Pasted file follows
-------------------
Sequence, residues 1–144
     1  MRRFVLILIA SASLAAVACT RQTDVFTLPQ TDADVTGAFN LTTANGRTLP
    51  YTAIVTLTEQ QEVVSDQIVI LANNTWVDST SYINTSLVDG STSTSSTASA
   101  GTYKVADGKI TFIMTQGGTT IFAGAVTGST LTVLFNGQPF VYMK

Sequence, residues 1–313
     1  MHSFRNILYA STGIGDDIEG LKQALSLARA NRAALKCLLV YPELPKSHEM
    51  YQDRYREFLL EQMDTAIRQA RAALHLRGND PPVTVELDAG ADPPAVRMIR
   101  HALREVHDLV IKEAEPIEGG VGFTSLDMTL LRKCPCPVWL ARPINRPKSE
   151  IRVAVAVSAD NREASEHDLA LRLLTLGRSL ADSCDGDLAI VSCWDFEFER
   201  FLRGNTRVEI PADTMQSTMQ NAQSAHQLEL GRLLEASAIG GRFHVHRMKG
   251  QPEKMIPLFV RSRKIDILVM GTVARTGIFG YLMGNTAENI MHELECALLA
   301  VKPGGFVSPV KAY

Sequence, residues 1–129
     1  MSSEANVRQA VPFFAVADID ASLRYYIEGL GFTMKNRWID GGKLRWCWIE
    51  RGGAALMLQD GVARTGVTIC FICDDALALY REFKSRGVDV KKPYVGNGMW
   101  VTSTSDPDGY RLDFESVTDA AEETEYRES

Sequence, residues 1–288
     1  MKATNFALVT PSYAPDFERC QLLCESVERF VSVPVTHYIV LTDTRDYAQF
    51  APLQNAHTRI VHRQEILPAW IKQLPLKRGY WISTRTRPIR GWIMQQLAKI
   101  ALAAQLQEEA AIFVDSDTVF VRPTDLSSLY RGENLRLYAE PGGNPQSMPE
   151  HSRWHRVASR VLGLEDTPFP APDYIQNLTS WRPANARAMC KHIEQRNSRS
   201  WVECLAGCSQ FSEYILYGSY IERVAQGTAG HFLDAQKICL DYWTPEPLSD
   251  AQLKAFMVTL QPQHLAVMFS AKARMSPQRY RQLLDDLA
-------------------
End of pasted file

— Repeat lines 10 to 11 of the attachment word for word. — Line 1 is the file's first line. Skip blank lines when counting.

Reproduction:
   201  FLRGNTRVEI PADTMQSTMQ NAQSAHQLEL GRLLEASAIG GRFHVHRMKG
   251  QPEKMIPLFV RSRKIDILVM GTVARTGIFG YLMGNTAENI MHELECALLA